Nutmeg was tasked with the creation of a short-form digital documentary to raise awareness about NTM—the debilitating, difficult-to-diagnose chronic lung disease of nontuberculous mycobacteria that mostly affects women—through the experiences of patients.
- Video distributed to over 400 medical professionals across two continents.
- Universally praised as contributing to stronger awareness of NTM by neutral consultants.
- The Creative Floor Award
Partners with a Purpose
Area 23, a full-service healthcare communications agency backed by the FCB Health network, provided storyboards outlining the “Thousand Words” concept: as an NTM patient is interviewed about her long difficult journey to diagnosis, her words are transcribed, printed and sent to an artist who uses the words as inspiration for art depicting the patient’s journey. The final reveal captures the patient’s reaction to the art.
Nutmeg provided both the director’s treatment and production strategy. The production was unscripted, so the strategy was absolutely critical. Shooting on-location in New York and Madrid—with a Spanish crew—and coordinating all aspects of the shoot in a very short amount of time were just a few of the challenges.
We worked closely with Area 23 and our production team to supervise and execute the production and then perform all post-production components: editorial, audio, color, delivery.
The “Thousand Words” concept allowed us to tell the story of a patient’s journey as it transitions from complexity to simplicity, from frustration to beauty. When our “words” device cinematically transformed to an artist’s singular interpretation of a successful diagnosis, the “picture” became worth much more than the original thousand words—the painting and patient reaction joined to become our butterfly finally emerging from a cocoon of confusion. Finally, our patient had a real resolution, and the emotional journey had a happy, and beautiful, ending.
To bring the “Thousand Words” concept to life, Nutmeg chose Director Brian O’Carroll. As a director, O’Carroll brought a well-informed sense of story, and what it takes to tell one correctly, and powerfully. He also happens to be one of the most technically gifted DPs in New York City, with the kind of technical skills and sense of craft that turn each project into something that is truly visually compelling. His images leap from the screen when they have to—and they stay put when they should, which is often times just as important. He uses multiple cameras, and tends to keep the cameras in motion, again, adding a refined and tasteful “filmic” feel.
Telling the NTM Story
This was a three-part story, communicated in three cinematic stages:
Part 1: Introduction We introduced our protagonist, a real patient rather than an actor. Hers was not a “Hollywood” performance. Instead, the emotion was conveyed with subtlety and intimacy that succeeded in communicating total authenticity. Viewers don’t just listen to the patient’s story, they join her in her struggle, and root for her.
Part 2: The Journey As the thousand words are interpreted by an artist, it’s both mysterious and transformational. Viewers can sense something wonderful is happening, but they’re not quite sure what. Even with the title cards guiding the narrative, there was a purposeful ambiguity that created a sense of expectation and hope as the artist worked.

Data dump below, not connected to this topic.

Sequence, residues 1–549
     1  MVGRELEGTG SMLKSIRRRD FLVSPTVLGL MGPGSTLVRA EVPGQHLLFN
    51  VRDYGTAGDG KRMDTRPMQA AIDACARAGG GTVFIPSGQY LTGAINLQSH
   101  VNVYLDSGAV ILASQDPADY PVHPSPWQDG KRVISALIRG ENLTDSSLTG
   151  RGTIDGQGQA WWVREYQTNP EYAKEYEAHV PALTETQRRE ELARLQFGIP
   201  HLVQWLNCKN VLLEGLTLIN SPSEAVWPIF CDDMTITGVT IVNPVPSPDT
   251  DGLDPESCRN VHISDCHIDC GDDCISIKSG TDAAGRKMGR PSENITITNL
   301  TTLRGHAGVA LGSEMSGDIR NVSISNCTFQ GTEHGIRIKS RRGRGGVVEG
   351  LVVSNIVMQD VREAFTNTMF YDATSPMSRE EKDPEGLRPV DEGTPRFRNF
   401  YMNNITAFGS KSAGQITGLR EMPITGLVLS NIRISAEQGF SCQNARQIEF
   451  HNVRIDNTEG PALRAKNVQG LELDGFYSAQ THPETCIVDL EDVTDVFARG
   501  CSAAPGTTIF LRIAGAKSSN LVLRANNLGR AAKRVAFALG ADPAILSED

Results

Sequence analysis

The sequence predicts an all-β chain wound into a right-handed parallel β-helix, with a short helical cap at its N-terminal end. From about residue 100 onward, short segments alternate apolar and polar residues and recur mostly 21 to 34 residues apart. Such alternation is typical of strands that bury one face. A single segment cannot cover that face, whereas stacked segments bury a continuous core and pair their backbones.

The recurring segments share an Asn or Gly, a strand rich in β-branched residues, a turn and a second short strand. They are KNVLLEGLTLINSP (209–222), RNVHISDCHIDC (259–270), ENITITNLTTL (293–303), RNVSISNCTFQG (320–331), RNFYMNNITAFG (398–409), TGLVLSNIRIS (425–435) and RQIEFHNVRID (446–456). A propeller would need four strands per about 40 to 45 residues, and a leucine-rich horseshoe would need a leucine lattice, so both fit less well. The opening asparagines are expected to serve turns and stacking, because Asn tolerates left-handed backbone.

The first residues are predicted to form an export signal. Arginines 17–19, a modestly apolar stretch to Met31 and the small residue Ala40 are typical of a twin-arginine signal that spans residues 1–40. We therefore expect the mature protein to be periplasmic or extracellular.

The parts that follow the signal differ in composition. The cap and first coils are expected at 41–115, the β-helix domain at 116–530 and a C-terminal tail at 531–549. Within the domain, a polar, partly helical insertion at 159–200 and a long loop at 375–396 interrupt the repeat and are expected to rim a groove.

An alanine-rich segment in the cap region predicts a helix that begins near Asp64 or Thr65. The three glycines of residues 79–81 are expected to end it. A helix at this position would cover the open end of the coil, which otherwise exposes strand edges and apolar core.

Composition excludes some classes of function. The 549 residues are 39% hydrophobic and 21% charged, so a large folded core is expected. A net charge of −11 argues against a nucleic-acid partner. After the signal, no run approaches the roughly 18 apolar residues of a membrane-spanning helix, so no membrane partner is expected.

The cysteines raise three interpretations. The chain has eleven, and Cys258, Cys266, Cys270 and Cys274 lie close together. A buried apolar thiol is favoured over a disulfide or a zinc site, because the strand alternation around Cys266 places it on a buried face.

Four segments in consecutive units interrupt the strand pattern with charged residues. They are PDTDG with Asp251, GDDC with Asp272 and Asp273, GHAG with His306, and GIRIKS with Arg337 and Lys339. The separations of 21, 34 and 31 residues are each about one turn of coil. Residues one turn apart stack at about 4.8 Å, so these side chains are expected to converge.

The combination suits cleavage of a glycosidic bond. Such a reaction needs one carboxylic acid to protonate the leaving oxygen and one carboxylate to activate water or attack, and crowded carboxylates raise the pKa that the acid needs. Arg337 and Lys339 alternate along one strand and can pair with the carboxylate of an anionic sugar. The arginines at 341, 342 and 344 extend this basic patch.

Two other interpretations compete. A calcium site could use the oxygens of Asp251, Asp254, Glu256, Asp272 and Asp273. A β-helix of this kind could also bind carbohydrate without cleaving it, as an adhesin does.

Part 3: Resolution Like a marathoner finally breaking the tape at the finish line, there is a sense of sublime resolution when the final art is revealed. When our patient sees her arduous journey to diagnosis turned into a thing of beauty, it is a wonder to behold. As a viewer, we shared in her final triumph.
A Cinematic Look
The beginning was mean to be soft and intimate. Lighting was forgiving to the features of an older patient, but dramatic enough to establish the importance of the story’s true scale. As she told her story in her own words, we visually established those “thousand words” much in the same way we’d introduce a character. The words were not quite the “villain,” but they were weighty and imposing. Something to be overcome.
Much of Brian O’Carroll’s work features this subtlety, where a simple look honestly conveys the weight of a thousand words. An economy of performance expectation helped the patients feel at ease in the interview settings, with no pressure to be “on” or to generate a contrived element of drama in their story. They could be themselves.
Many “pharma” productions tend toward a homogenized and sterile look, frequently taking a visual cue from the medication or treatment itself. We wanted the exact opposite here, a story told with rich texture and subtle drama. While the pharma look is often derived from pristine and overfilled lighting, particularly on actors’ faces, “A Thousand Words” was meant to feel more like a short movie, with rich highlights, organic texturing and a real depth in the shadowing. We wanted characters to feel real, and the artist’s space to crackle with a sense of light, air and energy.
As with the production, the post, particularly editorial, played a key role in infusing our patient’s story with drama and vibrancy, which included critical handling of the building tension and ultimate reveal. We didn’t want to give away anything too early, and we wanted to maintain a very strong relationship to the original patient, even when she wasn’t on screen. Everything was woven into a rich narrative that culminated with our reveal.
"Our patient had a real resolution, and the emotional journey had a happy, and beautiful, ending."Dave Rogan, Creative Director, Producer
Director, DP: Brian O’Carroll
Creative Director, Producer: Dave Rogan
Producer Supervisor, Account Executive: Caroline Nixon
Second Director, Editor: Rich Jack
Graphics: Stephen C. Walsh
Sound Designer/Mixer: JD McMillin
Sound Engineer: Andrew Guastella
Colorist: Gary Scarpulla